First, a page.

Berlin First Baptist Church in Maryland held first Vacation Bible School for children with disabilities

By Carolina Luciano Burgos |
VBS kids Bible study for children with disabilities
Children's Director Shannon Diehl has a heart for children with developmental disabilities and had been thinking about doing a VBS for children with disabilities for many years. | Berlin First Baptist Church

Berlin First Baptist Church (BFBC) in Berlin, Maryland held its first Vacation Bible School (VBS) for children with disabilities Jun 17-20, 2024. The program ran in the morning while a traditional, neurotypical VBS was hosted in the evenings of those same days.

Children's Director Shannon Diehl has a heart for children with developmental disabilities and had been thinking about doing a VBS for children with disabilities for many years. Yet she did not know if she could bring this idea to life. However, this year the right doors opened, and she received the necessary resources to do the program.

Baptist Convention of Maryland/Delaware (BCM/D) Disability Missionary Kathie Matthews provided counsel and training. Grants from the BCM/D and the Eastern Baptist Association (EBA) provided for the unique expenses for the event.

Beyond regular VBS preparations, the church put together a sensory room and recruited volunteer “buddies.” These buddies worked alongside their assigned students to help them participate in the program in the ways that were best for them. Volunteers also packed “sensory bags” for every student which included items such as fidget and biting toys, electronic doodle pads, noise canceling headphones, and snacks.

Shannon’s husband, Pastor Brad Diehl, told the students stories of creation and the flood using  “The Great Jungle Journey” curriculum from Answers in Genesis, which was adapted using a “special needs guide.” He covered the 7 C’s of history: creation, corruption, catastrophe, confusion, christ, cross, and consummation. Children interacted with the teaching through hands-on activities.

VBS kids Bible study for children with disabilities
Shannon’s husband, Pastor Brad Diehl, told the students stories of creation and the flood using “The Great Jungle Journey”. | Berlin First Baptist Church

The church was filled with rainforest decor including animals (like birds), trees, and grass. Anisa Impasto drove an hour to bring her two sons. She was pleased with the program and praised the church for their extensive decorations.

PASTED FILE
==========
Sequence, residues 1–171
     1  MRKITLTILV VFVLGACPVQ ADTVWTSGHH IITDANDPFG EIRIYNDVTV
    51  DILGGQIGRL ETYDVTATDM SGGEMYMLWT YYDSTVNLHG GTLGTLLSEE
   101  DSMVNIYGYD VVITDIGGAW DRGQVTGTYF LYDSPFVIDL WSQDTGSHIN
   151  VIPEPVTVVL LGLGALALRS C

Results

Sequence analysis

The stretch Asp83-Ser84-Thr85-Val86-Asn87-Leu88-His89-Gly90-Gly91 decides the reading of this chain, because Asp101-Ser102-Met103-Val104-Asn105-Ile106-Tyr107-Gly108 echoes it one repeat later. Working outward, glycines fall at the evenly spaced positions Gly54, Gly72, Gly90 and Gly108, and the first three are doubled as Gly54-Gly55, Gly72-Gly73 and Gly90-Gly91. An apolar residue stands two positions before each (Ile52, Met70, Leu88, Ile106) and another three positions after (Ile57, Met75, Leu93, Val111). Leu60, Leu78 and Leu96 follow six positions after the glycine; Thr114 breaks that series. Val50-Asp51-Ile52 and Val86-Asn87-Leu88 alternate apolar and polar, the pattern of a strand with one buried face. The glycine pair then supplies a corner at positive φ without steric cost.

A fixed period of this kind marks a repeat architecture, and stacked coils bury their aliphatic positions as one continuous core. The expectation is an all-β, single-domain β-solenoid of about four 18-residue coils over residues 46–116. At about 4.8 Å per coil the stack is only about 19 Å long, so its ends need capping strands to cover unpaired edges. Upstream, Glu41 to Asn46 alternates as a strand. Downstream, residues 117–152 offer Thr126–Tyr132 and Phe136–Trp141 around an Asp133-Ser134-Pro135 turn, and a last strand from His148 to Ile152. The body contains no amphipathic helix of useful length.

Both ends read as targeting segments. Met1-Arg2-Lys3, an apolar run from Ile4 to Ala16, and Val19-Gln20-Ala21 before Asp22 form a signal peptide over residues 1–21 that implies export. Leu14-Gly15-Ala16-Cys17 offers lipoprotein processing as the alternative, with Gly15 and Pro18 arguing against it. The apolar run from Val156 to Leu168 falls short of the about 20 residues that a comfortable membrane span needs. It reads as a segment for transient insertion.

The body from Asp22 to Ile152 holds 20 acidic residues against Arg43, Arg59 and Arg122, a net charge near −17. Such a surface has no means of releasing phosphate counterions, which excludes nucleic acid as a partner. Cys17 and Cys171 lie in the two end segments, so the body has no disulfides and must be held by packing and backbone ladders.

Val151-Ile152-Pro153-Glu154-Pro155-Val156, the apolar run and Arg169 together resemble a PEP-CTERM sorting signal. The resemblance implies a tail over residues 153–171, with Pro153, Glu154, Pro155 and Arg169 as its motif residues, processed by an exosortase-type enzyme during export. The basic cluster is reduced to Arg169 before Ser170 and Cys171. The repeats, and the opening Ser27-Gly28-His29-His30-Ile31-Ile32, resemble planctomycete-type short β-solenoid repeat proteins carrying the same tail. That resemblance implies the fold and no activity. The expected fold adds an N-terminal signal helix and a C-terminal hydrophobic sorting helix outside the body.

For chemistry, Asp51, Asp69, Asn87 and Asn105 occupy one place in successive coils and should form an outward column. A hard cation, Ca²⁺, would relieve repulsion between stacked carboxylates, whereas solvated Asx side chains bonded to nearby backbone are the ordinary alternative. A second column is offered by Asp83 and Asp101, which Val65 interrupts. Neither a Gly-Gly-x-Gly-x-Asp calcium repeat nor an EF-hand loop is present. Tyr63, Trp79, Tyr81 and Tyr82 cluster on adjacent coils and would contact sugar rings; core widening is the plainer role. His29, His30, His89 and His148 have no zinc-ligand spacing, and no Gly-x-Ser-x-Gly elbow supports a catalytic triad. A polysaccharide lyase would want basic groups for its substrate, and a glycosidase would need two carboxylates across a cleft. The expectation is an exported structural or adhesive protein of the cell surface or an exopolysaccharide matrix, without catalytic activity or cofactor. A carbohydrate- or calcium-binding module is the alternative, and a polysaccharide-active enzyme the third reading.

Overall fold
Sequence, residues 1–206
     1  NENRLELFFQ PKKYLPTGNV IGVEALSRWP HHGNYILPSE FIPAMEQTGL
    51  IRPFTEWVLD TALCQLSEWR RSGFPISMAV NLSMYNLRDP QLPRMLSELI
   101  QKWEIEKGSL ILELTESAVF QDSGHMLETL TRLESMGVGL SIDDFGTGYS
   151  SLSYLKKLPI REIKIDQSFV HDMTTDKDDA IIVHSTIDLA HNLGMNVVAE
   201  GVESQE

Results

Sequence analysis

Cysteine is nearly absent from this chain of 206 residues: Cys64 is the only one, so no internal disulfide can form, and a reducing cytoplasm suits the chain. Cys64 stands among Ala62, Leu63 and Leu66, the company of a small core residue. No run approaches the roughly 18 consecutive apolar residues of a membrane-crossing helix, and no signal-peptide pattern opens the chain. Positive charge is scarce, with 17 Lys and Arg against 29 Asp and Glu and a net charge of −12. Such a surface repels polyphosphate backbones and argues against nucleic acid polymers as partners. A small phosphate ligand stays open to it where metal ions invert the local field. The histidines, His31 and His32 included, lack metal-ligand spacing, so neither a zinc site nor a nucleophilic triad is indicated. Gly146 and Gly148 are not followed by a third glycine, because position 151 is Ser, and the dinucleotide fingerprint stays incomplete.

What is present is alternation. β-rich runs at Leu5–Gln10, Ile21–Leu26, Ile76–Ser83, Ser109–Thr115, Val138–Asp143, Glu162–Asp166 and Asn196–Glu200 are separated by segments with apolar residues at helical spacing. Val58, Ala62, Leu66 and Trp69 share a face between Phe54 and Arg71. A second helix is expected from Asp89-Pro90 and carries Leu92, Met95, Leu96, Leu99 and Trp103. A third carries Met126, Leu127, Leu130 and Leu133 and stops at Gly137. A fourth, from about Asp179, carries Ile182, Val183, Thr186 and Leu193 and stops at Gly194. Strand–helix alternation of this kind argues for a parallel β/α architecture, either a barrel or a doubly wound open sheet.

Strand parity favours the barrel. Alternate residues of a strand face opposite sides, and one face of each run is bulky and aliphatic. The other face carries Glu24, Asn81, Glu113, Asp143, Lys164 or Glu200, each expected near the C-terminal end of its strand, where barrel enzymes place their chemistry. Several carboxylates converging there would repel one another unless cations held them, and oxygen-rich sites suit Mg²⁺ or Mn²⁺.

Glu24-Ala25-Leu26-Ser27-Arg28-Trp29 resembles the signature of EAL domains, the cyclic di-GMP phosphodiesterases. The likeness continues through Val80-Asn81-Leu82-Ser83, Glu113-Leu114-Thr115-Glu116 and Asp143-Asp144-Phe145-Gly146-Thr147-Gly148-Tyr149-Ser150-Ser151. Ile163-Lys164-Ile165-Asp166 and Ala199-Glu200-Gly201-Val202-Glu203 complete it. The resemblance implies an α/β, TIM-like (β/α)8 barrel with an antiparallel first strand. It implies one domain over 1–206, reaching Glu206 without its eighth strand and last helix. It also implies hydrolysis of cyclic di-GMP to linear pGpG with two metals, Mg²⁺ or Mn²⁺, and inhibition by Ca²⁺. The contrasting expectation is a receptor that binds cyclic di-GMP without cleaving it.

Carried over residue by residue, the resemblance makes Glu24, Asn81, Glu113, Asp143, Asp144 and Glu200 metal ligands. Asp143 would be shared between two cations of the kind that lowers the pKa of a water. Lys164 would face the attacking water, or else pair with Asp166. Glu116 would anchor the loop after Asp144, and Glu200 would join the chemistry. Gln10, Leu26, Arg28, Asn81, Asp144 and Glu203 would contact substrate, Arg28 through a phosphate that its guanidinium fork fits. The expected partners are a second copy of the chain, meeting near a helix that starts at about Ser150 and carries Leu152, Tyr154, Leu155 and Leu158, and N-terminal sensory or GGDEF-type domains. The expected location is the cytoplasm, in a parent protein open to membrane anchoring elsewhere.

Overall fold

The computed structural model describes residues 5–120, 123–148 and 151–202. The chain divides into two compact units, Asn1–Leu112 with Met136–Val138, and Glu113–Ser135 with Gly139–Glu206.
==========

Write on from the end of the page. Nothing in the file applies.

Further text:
Anne Young brought her twins. “I’m impressed with all the resources available for the special needs kids,” she said. “They were especially good at keeping the lights and music down low, creating a sensory room, and increasing the number of volunteers. I felt it was very well planned. They were also very ‘in tune’ with the kids’ needs.”

Eastern Baptist Association Director of Missions Keith Myer said, “When I think of the modern missions movement and its emphasis on reaching the unreached, it becomes easy to see that those affected by disabilities make up an unreached people group.” He expressed his delight and appreciation for this initiative which addresses that need.

“I was so moved by the attention to detail and all of the thoughtfulness and care in [Shannon Diehl’s] planning,” said Myer. “While she expressed some nervousness about launching out into a new kind of ministry, we both agreed that there’s value in starting new things and stepping out in faith and trusting that the Lord will work through this ministry.”

He added, “When you think of the ministry of Jesus, he was always interacting with and helping people with these kinds of needs.”

After the success of the disability-focused VBS, BFBC is continuing to serve families with disabilities through their respite nights initiative. The program, which begins in August 2024, will provide three hours of care for children with disabilities and their neurotypical siblings. This will give parents and caregivers the opportunity to rest, relax and recharge.

The respite night children’s program will follow the rEcess program from 99 balloons. It includes crafts, movies, games, and stories. VBS “buddy” volunteers will be mobilized once more, and medical professionals will also be available on site as needed. Shannon Diehl explained that care will be given to also ensure neurotypical siblings are not unintentionally left out of the fun.

The church is promoting respite days with families who participated in the disability-focused VBS. They’ve encouraged those participants to also let their friends and contacts know about the program.